As the practice of viewing elections as mini referendum spreads from Northern Ireland into Britain, it would benefit politicians from the largest parties in Westminster to consider the fate of the SDLP and UUP in the years since the referendum approving the Good Friday Agreement. Both have been overtaken by parties with more strongly polarised views regarding Northern Ireland’s constitutional status. If Europe is becoming the defining issue in British politics, parties with firm positions on both sides of the argument could become a serious long term danger to the current main parties, which are both internally divided on the matter.
A trailer for Voices of the 8th, Ailbhe Conneely's podcast for RTÉ News on the 2018 referendum on the Eighth Amendment of the constitution
Although it was a referendum which exposed and intensified these divisions, not all referenda have the same outcome. In many countries, including Ireland, they can be used to protect parties from the impact of new issues or electoral harm as a result of internal divisions. The 2018 referendum on the Eighth Amendment of the constitution exemplifies this. Although the campaign was emotive and divisive, only 4% of voters at the general election in 2016 had identified abortion as the most important issue.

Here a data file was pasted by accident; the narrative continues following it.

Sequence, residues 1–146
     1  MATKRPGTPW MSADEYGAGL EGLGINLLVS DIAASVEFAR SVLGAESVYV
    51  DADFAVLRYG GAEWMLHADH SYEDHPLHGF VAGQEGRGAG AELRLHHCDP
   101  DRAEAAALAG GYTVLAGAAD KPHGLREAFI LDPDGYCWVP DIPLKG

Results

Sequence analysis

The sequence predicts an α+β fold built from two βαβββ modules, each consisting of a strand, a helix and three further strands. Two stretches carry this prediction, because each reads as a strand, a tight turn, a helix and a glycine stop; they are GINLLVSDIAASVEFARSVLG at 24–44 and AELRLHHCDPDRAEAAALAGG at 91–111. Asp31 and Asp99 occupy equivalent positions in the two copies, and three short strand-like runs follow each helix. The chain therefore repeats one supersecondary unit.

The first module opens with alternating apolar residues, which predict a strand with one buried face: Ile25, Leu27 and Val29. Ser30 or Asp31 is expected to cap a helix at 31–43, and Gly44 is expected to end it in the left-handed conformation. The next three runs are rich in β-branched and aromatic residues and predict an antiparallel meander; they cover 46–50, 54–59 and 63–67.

In another contrast with Britain, the campaigns for and against repeal were ran by non-political groups with minimal input from parties who thereby minimised exposure of any internal differences within their ranks. These divisions were most prominent within Fianna Fáil, with 22 of their TDs voting in favour of holding a referendum and 21 voting against. Despite these divisions, the party’s level of support rose in the 2019 Local and European Elections.
Aontú and Renua, the two political parties with a firm anti-abortion stance, won four council seats between them in the 2019 local election vote, despite 33.6% of the electorate opposing this constitutional change a year earlier. This further demonstrates the ability of the Irish electorate to separate constitutional issues from party politics, aided by experience of many referenda and the level of clear and factual information provided during referendum campaigns.
The views expressed here are those of the author and do not represent or reflect the views of RTÉ